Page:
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 Anonymous
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Wow! Holy Hash Oil. How cool is that?

nick


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ianrons
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93 Frater_HPK,

"Frater_HPK" wrote:
Thank you for your explanation, but I will repeat my question.

Apologies, I hadn't read your question properly. Dehn's book is still unavailable in the UK, and I suppose I just assumed I knew it all already 😳

Mathers seems to go down in my opinion every year, but if this really is a mistranslation then it's made its way irreversibly into the A.'.A.'. Ritual canon (Ritual VIII).

I'm really quite unsure about the interpretation of the "art of the apothecary" phrase; but initial investigations (i.e., by asking someone who's very familiar with period alchemical/herbal literature) suggest it does not mean distillation, but preparation of the ingredients by maceration and dissolution on a low heat (i.e., using dung).

I'm still very interested in the interpretation of the Hebrew term translated as calamus, so I'll be visiting the Wellcome Library at some point the future, and I hope to be able to share the results of my researches in due course. Once again, apologies for my idiot misreading of your question.

BTW, for anyone with access to Dehn, is the footnote "Or storax" included in the German MS. as an alternative to "stacté" in the incense recipe?

93 93/93
Ian


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 Anonymous
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This is a great thread!

My opinion is that there is some confusion between whatever Abraham of Worms' recipe may have been and the recipe Crowley described. To the best of my knowledge (and I may be wrong), the phrase "oil of Abramelin" first enters the THELEMA vocabulary in Liber AL III:23. In his commentary on III:23, Crowley gives the "Oil of Abramelin: take eight parts of oil of cinnamon, four of oil of myrrh, two of oil of galangal, seven of olive oil" recipe with proportions.

The Holy Oil described in Liber ABA, Part II, Chapter 5 includes these same ingredients but does NOT offer the proportions.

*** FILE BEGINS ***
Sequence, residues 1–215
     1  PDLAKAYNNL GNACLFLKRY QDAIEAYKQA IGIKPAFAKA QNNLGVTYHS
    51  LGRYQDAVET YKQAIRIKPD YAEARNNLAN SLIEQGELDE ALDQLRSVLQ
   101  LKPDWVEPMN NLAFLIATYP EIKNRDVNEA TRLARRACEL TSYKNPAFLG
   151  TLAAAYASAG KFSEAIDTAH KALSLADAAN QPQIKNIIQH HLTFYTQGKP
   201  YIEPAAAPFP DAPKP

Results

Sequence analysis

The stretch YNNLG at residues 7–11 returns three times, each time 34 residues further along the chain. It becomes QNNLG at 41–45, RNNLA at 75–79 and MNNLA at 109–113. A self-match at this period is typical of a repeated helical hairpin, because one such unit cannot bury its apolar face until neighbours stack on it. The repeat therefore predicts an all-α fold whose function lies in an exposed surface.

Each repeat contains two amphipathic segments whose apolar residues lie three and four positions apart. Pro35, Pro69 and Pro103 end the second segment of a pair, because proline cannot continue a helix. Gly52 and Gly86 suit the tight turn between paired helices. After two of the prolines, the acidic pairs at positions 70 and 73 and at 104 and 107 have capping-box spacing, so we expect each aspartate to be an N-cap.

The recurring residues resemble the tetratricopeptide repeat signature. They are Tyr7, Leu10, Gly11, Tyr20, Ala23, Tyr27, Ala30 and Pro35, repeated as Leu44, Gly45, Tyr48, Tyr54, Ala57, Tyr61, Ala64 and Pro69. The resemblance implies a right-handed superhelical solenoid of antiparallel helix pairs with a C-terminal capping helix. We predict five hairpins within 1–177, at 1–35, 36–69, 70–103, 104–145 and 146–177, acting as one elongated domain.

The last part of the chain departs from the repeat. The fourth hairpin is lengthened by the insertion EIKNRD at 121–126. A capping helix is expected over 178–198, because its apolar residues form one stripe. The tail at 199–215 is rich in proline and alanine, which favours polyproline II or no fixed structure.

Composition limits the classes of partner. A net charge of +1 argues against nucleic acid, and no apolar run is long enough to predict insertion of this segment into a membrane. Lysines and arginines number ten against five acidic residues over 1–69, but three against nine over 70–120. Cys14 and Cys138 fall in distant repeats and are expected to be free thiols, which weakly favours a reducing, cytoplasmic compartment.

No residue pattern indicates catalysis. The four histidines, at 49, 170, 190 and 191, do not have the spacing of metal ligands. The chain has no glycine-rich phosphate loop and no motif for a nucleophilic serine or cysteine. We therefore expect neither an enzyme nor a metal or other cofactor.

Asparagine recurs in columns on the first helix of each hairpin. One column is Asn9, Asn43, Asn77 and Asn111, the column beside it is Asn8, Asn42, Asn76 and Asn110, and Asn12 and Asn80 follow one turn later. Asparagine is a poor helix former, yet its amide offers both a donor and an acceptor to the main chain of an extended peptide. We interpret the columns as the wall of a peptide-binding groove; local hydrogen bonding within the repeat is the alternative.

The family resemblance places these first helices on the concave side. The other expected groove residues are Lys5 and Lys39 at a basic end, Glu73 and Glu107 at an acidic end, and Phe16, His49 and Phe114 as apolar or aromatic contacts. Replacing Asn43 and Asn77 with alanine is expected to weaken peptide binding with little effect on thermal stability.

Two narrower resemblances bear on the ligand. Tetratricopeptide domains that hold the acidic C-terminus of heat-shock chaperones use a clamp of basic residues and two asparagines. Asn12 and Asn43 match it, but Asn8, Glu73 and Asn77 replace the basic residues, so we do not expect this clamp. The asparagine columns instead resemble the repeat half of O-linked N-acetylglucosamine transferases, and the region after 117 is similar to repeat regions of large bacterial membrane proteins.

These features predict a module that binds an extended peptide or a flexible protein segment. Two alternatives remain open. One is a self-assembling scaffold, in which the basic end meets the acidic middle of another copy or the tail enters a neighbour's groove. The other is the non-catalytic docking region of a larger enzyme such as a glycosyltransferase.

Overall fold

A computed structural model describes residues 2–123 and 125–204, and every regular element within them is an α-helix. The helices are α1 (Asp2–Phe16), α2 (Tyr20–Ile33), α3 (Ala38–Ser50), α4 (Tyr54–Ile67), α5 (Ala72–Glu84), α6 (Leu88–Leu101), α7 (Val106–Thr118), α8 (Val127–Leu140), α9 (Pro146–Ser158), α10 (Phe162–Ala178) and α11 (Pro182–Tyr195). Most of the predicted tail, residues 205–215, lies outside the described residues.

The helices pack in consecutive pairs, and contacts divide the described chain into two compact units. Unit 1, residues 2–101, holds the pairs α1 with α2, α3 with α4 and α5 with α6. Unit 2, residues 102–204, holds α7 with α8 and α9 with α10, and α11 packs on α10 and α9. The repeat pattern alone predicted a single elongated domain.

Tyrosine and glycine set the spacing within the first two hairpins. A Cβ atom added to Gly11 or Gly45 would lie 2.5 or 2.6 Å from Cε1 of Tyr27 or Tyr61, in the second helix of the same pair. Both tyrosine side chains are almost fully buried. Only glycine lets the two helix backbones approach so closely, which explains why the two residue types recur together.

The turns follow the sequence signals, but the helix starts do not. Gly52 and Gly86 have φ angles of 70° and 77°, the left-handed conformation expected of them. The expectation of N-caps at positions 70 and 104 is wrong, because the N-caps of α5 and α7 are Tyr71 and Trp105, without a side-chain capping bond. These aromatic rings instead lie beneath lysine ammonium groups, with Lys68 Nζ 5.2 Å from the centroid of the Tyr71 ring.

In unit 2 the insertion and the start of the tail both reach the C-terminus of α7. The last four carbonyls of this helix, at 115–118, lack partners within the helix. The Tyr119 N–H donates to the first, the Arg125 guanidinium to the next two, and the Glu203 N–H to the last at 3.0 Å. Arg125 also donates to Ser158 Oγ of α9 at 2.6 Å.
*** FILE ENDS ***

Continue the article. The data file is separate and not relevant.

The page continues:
So the confusion I see is between the historical recipe for Abramelin Oil passed down from Abraham of Worms and the recipe for "oil of Abramelin" as an ingredient in a "cakes" recipe given by the Prophet of the Aeon in his commentary on Liber AL. While we can discuss and debate the origins and nuances of earlier recipes, ingredients, and preparation of various Holy Oils, I don't see the value in the context of Crowley as Prophet commenting on the fundamental Holy Book of the Aeon.

I do recommend a study of The Holy Oil chapter in Liber ABA. It is one of my personal favorites - even if it doesn't include the word Abramelin 😉

"The Galangal represents both Kether and Malkuth, The First and the Last, the One and the Many, since in this Oil they are One."


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 Anonymous
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"Frater_HPK" wrote:
Is it possible that magicians, including Crowley, used wrong recipe for more than 100 years? Can someone post original French word Mathers translated as a Galangal? The new translation of Abramelin, with additional original parts of text not included in Mathers' translation, was announced on Lashtal site in July (or August). What is written in this new translation, galangal or calamus? If it is written calamus, should we all start to use new recipe with calamus instead galangal? Or we should't? This confuse me a little and I would like to hear opinios of others. Thank you.

Love is the law, love under will.

B.

Well, considering that Calamus is toxic, I wouldn't particularly recommend switching to it for any use that involves consumption (such as in cakes of light). This has been cited to me as one reason why one would choose to go with galangal. The way I see it, when dealing with rituals which came about in the thelemic tradition, I see no reason to go back to using calamus, as this was never considered to be used in the ritual when it was created. When dealing with procedures directly from Abramelin the Mage, however, it is certainly worth considering to go back to using Calamus instead of Galangal. Also, it may be better to use the adjustment cited on wikipedia, or actually make the oil according to the "art of the apothecary" instead of using crowley's essential oil method when dealing with non-crowley rituals, as the end result is quite different, given that the ratios change drastically when you actually distill the oil as part of the process. In the end, its a matter of what works for you. But yea, don't go consuming calamus, unless you're trying to evoke the grim reaper.


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 Anonymous
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I have just received the new English translation of Abramelin, and the recipe for the oil will come as a shock to most. The oil described in the earliest extant Abramelin sources (all in German) actually contains all five ingredients for Jewish holy oil, not the four previously thought. (It should be noted that the Hebrew MS is from about 1740 and was actually translated from the German. Wikipedia hints that an Aramaic MS may exist, but there is no evidence to support this.) For all practical purposes, the recipe is identical, or nearly so, to the formula for holy oil found in the Bible, shown here: